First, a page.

The state of video-based telemedicine for kidney disease care

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Video-based telemedicine has provided an alternative way to provide care to patients and has rapidly become a leading model of chronic disease management during pandemic restrictions. A recent review of the published study provides an overview of available evidence regarding the implementation and outcomes of using video-based telemedicine for adults throughout the spectrum of long-term kidney disease.The study is published at CJASN..

A team led by Ann Young, MD and Ph.D. (St. Michael’s Hospital, Unity Health Toronto, Ontario, Canada) and Stephanie W. Ong, Master’s Program (University Health Network, Ontario, Canada) were announced in 10 countries between 1997 and 2020. Twenty-four studies have been identified. Researchers have found that video-based telemedicine is used to facilitate care across all stages of chronic kidney disease (early stage kidney disease, dialysis, and transplantation). Previous studies used institution-specific technology to link major hospital sites to more remote medical facilities, while recent studies show consumers on personal devices that further remove geographical barriers. The use of the base platform has been seen.

Video-based care has been well received in studies reporting acceptable clinical outcomes, improved efficiency, and high patient satisfaction.

“This is encouraging, but as the latest technology is streamlined into everyday health care, the’digital divide’is becoming more prominent, with broadband internet connections, people with inaccessible video-enabled devices, and technology literacy. It has a negative impact on a limited number of people. This is an area that deserves further research. “

October 13NS, Three Canadian health officials (Director of Health in Ontario, Deputy Minister of Health Planning for Ontario, Ministry of Health, Registration and Chief Executive Officer of Ontario Medical and Surgery College), more doctors Resumed face-to-face visits and urged to reduce virtual bookings. Virtual visits were encouraged in the early days of the COVID-19 pandemic, but pressure on the medical system has since eased.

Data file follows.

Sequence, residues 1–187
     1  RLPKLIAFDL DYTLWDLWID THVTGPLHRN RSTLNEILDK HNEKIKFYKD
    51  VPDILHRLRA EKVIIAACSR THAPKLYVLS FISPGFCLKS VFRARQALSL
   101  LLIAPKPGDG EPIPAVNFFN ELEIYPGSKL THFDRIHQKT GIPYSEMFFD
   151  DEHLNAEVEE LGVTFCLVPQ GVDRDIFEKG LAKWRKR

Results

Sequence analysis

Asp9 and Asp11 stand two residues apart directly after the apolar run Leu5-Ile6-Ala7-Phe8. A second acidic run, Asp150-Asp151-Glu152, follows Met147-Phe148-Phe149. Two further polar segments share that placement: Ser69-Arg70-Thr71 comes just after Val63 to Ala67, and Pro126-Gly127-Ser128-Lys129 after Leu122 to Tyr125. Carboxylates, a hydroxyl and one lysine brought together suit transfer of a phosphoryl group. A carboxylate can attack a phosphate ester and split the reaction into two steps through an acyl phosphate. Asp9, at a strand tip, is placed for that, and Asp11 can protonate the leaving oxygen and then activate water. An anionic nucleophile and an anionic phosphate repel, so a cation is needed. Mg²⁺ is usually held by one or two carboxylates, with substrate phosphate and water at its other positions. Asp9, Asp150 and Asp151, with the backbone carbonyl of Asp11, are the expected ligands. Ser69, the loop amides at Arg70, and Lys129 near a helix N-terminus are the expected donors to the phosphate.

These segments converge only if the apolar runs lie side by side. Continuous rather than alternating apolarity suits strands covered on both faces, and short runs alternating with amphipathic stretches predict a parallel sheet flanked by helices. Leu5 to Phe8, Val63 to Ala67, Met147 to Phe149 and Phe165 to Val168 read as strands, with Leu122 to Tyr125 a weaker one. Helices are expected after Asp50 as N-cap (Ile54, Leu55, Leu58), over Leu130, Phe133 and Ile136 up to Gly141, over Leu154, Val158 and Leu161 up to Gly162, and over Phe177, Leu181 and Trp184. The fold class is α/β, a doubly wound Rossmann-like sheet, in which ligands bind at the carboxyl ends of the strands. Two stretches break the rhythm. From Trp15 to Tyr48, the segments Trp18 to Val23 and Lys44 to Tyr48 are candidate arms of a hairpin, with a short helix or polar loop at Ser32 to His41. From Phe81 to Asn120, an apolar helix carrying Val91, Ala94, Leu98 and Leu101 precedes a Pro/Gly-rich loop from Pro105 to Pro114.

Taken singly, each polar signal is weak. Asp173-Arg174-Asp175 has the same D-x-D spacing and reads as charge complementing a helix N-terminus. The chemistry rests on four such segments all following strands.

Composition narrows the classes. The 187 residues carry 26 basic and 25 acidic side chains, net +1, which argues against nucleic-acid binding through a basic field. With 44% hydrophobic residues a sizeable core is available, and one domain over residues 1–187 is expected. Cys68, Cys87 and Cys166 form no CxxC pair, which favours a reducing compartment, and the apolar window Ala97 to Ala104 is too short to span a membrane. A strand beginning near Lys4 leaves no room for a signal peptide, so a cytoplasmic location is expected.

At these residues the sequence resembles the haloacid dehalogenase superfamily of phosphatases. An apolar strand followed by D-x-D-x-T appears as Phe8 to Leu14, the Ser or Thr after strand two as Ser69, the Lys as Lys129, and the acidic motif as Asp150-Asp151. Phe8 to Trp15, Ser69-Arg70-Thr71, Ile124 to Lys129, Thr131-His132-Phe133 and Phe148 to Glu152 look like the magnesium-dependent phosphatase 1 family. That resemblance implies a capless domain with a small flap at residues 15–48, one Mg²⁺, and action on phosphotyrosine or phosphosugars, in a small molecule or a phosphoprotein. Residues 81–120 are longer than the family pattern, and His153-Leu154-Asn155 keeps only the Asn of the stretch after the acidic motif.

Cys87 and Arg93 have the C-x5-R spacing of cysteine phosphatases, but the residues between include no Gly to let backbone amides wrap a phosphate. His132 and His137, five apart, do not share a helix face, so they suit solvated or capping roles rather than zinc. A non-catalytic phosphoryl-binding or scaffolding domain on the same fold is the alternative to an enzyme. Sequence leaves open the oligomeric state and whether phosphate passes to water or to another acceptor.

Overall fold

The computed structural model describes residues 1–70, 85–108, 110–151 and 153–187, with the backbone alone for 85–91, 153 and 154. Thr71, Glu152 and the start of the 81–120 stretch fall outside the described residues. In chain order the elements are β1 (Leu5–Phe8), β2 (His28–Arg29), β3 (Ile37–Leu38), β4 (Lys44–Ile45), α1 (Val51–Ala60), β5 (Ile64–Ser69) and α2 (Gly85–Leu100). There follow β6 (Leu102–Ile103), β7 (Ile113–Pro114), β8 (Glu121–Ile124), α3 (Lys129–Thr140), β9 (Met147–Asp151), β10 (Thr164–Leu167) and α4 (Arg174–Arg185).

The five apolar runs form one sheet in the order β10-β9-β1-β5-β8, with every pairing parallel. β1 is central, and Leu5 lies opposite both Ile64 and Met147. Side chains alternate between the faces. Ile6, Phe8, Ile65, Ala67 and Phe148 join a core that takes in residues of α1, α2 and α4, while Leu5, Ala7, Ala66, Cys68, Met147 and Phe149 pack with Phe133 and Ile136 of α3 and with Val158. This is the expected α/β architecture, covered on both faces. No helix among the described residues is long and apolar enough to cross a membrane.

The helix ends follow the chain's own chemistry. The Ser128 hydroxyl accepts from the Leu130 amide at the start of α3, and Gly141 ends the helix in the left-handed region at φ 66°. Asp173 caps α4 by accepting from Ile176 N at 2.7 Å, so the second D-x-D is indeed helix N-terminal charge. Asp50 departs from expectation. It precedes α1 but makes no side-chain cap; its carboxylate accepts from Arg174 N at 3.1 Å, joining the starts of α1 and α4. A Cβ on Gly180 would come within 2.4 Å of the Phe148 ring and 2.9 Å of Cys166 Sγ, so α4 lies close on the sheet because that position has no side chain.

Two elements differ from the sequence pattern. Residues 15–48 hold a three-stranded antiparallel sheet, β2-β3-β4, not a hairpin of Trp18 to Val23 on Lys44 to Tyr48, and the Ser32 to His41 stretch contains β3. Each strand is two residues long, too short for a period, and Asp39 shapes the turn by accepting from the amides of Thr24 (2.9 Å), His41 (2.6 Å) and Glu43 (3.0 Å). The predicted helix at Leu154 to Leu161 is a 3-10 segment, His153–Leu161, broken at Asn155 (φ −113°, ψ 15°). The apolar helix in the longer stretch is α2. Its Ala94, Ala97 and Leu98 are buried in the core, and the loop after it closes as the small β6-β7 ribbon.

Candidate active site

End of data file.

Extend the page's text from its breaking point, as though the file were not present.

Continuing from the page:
“The nature of CKD care is particularly well suited for virtual care, given the relevant medical history, laboratory survey reviews, and counseling that can all be done via a virtual platform,” said Dr. Young. “The main obstacle to virtual care is the lack of physical examination. Virtual visits are a powerful tool, but in certain clinical environments, physical examination is necessary. Finding the right balance between virtual visits and face-to-face visits is important. . “

Authors of the study include Ani Orchanian-Cheff, BA, MISt, Christopher T. Chan, MD, FRCPC, and Ron Wald, BSc, MD, MPH, FRCPC.

An accompanying editorial note that Telehealth will continue to be an effective and important tool health Care, but not a suitable option for every patient on every visit. The author also emphasizes that ongoing research becomes important as the field progresses. “As the use of telemedicine evolves and technology continues to advance, additional observational and intervention studies will be needed to measure the outcome of telemedicine,” they write.

The accompanying Patient Voice editorial provides a perspective on patients with lupus nephritis who have encountered clinicians many times through both face-to-face and telemedicine visits.

Similar follow-up after telemedicine and office visits: study

For more information:
“Video-based Telemedicine for the Treatment of Kidney Disease: Scorping Review” CJASN, DOI: 10.2215 / CJN.06660521

“Telemedicine and Kidney Disease Care: A Post-Public Health Emergency Role” CJASN, DOI: 10.2215 / CJN.13651021

“Patients’ views on telemedicine for the treatment of kidney disease” CJASN, DOI: 10.2215 / CJN.11250821

Quote: The state of video-based telemedicine for the treatment of kidney disease (December 7, 2021) is https: // Obtained from html on December 7, 2021.

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